The following fall, Cadence begins to take some of Gat’s lectures to heart. She begins a plan to give away something of hers every day. Some of the things she gives to homeless people. Some she mails to her cousins. Her mother is upset because spending money is her mother’s favorite activity.
Summer 17 Cadence is supposed to go to Australia with her father. However, she doesn’t want to. She wants to go to Beechwood. She hasn’t been there in 2 years and she wants to see the Liars. Her mother compromises and says she can spend 4 weeks there, but then she is staying with her father in Colorado for the remainder.
Cadence asks her mother what happened with the accident, and her mother is obviously frustrated. She’s told Cadence all she knew about what had happened every day since it happened, but Cadence doesn’t retain it. She asks her mother one last time, and this time she writes it down. She’s on a mission to figure out what happened.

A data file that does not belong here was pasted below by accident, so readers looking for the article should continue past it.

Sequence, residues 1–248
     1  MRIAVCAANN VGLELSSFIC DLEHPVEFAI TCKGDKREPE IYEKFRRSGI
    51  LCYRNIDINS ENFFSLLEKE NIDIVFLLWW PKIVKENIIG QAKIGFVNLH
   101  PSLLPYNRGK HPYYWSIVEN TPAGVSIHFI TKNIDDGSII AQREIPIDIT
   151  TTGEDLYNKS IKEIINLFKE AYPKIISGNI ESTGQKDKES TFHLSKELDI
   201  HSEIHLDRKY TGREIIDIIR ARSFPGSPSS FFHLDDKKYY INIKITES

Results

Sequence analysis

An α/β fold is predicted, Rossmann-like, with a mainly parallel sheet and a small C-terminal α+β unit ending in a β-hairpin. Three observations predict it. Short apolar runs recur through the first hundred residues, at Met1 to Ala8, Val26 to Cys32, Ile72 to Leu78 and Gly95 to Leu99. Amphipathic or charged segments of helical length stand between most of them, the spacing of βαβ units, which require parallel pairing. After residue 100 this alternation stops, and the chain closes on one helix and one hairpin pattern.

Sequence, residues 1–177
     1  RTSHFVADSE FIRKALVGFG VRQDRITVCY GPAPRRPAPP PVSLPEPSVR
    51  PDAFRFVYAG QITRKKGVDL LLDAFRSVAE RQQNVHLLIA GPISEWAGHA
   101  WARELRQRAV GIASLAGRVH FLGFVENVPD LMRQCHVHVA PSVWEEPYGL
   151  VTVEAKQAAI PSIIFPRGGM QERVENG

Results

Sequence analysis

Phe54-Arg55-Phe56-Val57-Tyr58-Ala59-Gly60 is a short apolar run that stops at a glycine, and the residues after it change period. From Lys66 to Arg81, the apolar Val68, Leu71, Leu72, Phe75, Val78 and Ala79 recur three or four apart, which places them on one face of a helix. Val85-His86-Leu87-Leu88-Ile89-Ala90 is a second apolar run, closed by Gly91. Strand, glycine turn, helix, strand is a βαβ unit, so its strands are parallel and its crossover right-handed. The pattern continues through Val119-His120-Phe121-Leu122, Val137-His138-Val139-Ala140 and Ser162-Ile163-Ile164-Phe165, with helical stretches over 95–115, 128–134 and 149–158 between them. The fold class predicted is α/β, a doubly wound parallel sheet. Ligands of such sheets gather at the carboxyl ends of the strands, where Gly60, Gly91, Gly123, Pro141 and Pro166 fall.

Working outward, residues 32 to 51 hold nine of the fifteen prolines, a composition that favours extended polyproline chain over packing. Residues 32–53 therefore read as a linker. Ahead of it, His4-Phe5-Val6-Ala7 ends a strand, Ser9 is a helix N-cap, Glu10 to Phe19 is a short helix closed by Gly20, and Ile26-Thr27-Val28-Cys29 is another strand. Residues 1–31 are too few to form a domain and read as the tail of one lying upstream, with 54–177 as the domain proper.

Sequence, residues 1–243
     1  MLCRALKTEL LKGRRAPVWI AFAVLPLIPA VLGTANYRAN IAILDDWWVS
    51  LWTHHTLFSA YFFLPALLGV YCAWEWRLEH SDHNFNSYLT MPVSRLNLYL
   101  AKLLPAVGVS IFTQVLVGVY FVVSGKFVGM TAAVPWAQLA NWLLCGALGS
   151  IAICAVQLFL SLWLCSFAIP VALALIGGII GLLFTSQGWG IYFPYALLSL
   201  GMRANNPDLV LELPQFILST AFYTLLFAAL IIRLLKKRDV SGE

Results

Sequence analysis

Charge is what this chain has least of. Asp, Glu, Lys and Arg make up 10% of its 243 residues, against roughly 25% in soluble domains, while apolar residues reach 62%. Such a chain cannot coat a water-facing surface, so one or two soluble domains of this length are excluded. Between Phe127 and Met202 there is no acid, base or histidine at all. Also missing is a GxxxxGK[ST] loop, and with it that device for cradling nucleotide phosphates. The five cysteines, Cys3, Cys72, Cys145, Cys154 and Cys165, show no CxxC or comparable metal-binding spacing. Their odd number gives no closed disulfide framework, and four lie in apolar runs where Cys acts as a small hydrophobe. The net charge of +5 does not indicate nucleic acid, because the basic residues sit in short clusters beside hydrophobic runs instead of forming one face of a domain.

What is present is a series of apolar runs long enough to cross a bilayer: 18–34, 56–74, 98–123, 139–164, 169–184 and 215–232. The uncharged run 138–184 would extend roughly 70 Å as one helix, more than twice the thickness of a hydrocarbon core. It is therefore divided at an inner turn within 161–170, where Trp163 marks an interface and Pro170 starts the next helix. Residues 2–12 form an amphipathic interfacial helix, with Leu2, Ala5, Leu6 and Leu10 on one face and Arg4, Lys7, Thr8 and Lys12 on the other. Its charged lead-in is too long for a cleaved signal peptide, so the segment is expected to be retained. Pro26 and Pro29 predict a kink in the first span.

Cadence and Penny arrive on the island for summer 17. Grandpa didn’t just renovate. He tore the entire house down and replaced it with a modern monstrosity with clean lines as opposed to the old Victorian home. He even got rid of the old maple tree with the swing. Cadence is devastated but she holds it together like she’s supposed to. But it’s hard. They don’t even stay at their old house now. Cadence and her mother now stay in the “New Clairmont” with their grandfather. She is expected to be there for all meals and hang out with the little cousins. But she hasn’t even seen the rest of the Liars yet. She finally finds some time to escape and find them. They are staying at Cuddledown, Mirren’s family’s house, together. Unfortunately though, Cadence is still required to stay at the New Clairmont. She catches up with them. Things are a little awkward, especially with Gat.